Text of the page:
Martha Cheng Says Aloha to HONOLULU Magazine
After nearly four years leading our food and dining coverage, an editor says aloha.
Photo: Gary Saito
This job will always be a part of me, even as I leave it. It wasn’t work. It was living.
How did I end up here, in the best job of my life? Who knows—some mix of luck and fate and choice, I guess. I had a computer science degree and worked in the tech field for a bit. I went to the Peace Corps in St. Vincent because I thought that was my calling. It wasn’t. I got kicked out. So I went back to tech, to Google. It was a great company, but I didn’t like the work. This is when I started to learn that I’m the kind of person who has to love my work, or I can’t do it.
So I ditched it all to try something different: cooking and baking professionally. I started in bakeshops in the Bay Area and, when I came to Hawai‘i, worked as a line cook at The Pineapple Room.
Why the leap into food? I am the daughter of two Chinese immigrants from Taiwan. If you know anything about Taiwan, you know that the common greeting there is not “hello” or “how are you,” but “have you eaten?” My mom prepared simple dishes learned from my grandma, who cooked in a Hunan restaurant that The New Yorker, in 1976, called “the best Chinese restaurant in the world.” When my mom broke her arm skiing, my dad took over, cooking from Jacques Pépin’s books and making reservations for special occasions at fancy San Francisco restaurants that included Stars and Gary Danko. A friend we took on a college scouting trip lost her temper after two days, shouting, “It takes you two hours to decide on a place to eat!”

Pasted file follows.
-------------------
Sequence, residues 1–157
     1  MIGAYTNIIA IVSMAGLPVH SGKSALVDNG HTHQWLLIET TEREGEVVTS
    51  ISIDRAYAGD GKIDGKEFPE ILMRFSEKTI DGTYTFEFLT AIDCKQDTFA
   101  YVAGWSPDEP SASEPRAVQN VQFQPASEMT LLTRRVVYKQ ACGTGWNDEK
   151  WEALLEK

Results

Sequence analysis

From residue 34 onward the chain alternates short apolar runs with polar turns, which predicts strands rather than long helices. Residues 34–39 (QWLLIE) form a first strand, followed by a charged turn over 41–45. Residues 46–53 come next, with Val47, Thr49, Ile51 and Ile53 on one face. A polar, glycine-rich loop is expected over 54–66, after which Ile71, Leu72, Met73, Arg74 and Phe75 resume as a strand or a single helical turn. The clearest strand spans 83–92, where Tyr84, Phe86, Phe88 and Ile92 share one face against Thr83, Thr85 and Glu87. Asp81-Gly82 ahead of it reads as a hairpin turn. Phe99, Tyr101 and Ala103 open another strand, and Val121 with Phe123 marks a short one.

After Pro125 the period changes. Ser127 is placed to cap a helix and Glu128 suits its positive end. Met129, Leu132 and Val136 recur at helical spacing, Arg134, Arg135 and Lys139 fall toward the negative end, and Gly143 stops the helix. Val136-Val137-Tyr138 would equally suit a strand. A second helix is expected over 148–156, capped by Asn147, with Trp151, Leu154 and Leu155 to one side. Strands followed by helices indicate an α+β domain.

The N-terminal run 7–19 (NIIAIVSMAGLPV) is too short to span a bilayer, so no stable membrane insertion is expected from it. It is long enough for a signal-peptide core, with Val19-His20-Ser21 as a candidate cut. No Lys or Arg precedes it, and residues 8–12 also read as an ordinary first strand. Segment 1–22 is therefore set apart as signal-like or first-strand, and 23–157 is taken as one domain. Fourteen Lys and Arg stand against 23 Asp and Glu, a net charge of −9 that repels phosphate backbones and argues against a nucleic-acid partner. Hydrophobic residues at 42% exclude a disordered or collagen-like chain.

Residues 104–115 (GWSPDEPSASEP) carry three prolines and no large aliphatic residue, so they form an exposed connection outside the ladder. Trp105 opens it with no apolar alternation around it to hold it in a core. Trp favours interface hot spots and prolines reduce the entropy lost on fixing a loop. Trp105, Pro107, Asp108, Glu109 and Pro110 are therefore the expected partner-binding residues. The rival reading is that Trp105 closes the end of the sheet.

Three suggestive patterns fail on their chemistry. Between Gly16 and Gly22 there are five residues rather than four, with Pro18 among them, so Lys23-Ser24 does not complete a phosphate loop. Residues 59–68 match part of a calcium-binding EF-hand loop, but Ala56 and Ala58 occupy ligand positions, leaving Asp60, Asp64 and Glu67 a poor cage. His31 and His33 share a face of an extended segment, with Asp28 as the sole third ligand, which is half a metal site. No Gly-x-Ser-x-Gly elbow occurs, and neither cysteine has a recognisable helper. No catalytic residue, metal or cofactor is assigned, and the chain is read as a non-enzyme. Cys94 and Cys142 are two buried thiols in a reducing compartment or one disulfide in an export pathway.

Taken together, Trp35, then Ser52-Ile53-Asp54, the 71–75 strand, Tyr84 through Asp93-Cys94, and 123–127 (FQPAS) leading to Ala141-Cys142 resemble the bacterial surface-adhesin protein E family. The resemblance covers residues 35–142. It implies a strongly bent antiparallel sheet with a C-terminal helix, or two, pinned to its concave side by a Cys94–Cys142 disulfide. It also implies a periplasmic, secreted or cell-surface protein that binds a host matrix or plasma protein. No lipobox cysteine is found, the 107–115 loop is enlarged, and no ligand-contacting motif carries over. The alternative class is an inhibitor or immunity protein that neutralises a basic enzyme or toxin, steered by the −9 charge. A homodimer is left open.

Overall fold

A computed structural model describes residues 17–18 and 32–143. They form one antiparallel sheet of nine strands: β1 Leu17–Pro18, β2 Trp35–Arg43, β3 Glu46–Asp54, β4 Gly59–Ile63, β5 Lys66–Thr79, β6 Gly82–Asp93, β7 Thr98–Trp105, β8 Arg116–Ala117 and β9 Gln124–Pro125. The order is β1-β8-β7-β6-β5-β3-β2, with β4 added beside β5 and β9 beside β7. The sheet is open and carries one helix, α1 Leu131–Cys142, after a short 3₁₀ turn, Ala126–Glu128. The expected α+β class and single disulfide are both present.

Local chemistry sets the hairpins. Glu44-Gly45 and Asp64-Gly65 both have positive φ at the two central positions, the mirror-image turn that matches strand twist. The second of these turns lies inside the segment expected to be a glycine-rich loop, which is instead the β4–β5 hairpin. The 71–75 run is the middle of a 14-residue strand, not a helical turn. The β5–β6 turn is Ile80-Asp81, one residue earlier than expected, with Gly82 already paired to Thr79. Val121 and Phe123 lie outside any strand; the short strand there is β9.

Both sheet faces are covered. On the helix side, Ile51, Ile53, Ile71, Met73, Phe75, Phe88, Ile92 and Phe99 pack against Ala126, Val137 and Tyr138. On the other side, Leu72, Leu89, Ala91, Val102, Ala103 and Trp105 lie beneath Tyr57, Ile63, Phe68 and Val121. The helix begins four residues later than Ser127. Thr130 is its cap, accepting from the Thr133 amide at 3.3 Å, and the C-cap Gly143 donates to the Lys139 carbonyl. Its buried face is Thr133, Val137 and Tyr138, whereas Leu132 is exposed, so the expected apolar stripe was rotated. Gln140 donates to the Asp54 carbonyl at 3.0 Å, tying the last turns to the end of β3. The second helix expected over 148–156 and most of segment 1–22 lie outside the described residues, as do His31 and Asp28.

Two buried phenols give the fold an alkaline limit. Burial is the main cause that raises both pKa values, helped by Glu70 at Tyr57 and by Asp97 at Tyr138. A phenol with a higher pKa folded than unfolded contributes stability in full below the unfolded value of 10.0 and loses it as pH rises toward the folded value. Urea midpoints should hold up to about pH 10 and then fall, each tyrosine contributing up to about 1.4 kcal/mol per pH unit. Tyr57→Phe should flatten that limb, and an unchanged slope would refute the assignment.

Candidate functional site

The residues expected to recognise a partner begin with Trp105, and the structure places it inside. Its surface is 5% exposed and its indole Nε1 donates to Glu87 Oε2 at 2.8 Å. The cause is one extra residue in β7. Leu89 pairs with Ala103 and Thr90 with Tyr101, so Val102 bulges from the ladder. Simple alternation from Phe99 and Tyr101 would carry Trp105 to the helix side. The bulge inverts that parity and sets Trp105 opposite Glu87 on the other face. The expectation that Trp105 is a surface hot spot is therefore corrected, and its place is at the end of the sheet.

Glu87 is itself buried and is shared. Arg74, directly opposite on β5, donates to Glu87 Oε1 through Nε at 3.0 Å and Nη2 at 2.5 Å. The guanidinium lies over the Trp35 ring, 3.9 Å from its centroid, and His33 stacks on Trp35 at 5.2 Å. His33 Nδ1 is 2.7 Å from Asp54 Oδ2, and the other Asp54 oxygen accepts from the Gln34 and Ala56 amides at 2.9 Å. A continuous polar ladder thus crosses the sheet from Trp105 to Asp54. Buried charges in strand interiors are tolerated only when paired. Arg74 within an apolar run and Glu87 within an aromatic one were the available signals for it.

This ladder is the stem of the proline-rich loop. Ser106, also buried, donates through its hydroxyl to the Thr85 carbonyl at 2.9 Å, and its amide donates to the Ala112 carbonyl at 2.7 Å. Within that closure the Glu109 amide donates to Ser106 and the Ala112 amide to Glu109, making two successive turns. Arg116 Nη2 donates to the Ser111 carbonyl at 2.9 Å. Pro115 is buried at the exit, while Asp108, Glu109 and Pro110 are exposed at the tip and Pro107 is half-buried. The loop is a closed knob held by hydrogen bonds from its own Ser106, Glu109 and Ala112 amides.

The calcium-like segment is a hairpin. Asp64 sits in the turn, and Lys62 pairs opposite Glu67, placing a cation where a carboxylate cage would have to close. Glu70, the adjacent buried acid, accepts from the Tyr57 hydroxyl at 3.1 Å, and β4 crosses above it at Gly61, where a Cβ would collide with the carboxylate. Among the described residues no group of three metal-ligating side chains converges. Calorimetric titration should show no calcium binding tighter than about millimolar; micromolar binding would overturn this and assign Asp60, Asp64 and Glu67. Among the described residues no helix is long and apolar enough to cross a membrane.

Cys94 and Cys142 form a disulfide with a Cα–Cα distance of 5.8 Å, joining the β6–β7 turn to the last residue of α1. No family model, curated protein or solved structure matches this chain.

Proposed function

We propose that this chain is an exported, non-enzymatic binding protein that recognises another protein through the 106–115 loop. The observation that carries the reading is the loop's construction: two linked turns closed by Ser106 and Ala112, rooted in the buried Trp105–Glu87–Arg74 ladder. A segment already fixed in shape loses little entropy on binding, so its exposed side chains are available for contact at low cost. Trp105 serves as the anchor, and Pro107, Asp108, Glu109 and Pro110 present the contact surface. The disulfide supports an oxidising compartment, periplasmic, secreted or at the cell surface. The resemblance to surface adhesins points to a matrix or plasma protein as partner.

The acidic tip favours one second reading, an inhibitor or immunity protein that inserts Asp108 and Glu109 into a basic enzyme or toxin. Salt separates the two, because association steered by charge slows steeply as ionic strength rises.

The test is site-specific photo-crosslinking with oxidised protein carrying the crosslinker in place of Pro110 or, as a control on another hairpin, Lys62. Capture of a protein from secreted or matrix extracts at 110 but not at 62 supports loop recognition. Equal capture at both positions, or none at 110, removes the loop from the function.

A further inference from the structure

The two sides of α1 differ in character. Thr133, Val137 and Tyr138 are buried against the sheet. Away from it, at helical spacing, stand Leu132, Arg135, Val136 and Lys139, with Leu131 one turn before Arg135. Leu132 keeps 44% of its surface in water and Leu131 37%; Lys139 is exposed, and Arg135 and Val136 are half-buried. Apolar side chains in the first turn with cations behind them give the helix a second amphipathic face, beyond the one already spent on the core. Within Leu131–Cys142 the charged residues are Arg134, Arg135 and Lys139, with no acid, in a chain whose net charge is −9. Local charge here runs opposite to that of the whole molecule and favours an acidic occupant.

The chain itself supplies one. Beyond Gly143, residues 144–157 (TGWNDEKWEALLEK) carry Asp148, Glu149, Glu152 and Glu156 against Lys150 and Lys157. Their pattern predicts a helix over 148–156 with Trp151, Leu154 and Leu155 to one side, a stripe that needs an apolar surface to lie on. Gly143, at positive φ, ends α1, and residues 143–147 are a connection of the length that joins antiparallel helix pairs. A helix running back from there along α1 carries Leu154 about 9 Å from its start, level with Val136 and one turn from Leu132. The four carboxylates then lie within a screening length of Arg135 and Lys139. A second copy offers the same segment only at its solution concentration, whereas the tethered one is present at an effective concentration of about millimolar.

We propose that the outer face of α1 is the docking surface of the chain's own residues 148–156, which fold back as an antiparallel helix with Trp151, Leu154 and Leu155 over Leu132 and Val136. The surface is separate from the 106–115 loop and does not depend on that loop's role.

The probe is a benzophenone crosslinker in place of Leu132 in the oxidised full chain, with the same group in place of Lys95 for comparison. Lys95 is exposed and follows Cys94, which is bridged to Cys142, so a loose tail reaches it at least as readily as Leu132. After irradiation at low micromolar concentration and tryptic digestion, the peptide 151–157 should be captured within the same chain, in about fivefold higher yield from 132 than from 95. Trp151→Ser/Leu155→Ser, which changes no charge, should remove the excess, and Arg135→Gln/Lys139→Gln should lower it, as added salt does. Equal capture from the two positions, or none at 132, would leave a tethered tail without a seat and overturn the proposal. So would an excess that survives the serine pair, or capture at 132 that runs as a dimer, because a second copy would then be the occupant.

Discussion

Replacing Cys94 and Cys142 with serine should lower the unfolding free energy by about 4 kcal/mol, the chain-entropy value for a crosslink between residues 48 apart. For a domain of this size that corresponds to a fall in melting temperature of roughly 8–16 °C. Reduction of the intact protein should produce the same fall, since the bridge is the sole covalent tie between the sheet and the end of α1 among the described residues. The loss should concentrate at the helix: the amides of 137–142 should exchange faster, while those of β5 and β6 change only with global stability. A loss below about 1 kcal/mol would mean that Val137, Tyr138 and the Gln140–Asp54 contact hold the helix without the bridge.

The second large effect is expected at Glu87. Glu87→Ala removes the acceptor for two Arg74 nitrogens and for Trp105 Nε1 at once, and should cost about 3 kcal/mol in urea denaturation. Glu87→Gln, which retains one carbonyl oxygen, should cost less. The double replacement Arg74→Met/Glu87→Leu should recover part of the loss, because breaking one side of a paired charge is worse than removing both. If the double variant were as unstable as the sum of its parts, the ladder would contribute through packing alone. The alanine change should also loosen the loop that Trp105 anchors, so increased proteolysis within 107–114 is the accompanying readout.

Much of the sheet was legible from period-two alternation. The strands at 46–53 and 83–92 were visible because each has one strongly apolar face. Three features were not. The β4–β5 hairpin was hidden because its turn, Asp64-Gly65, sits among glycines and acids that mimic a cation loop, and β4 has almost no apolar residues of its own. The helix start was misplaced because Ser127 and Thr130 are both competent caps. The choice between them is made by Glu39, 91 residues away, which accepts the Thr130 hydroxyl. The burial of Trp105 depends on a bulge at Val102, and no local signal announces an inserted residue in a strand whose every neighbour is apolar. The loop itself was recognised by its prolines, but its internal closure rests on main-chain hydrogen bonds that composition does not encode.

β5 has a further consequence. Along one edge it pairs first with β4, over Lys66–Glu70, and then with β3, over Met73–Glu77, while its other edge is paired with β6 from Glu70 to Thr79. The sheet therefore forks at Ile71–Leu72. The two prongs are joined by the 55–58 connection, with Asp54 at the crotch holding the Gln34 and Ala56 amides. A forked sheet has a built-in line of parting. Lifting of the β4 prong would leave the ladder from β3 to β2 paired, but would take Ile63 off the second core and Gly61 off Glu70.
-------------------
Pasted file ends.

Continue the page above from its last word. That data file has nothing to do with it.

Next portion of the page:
Sometimes, we are so passionate about food, our passion becomes divisive. But, more often than not, food is our common thread. I realized this in the Peace Corps—in the beginning, I found it hard to relate to my host family. And then, one day, I discovered we could come together over food—cooking, talking about it, sharing it. Since then, that’s the thread I’ve been clinging to when I write stories.
But I am stepping out of this role—as HONOLULU Magazine’s food and dining editor—because, while I still love writing about food, I can no longer fulfill the review part of this job. I came from the restaurant industry. And that’s where my loyalty lies: in these people who pour their hearts and souls into their craft, who make themselves vulnerable, financially and emotionally, to pursue something that most of us don’t have the guts or work ethic for. Even if I don’t always like their food, I admire them for their courage.
So I’m leaving to focus less on the dining experience and more on food and the people behind it. Food is how we give love. It is how we receive love. It is how we engage with the world. How we eat it, prepare it, grow it, sell it, is how we choose to express ourselves. The details of how each of us do it are wildly different, but the message is the same: This is how we belong to the world, this is how we are unique in the world. These are the stories I want to tell next.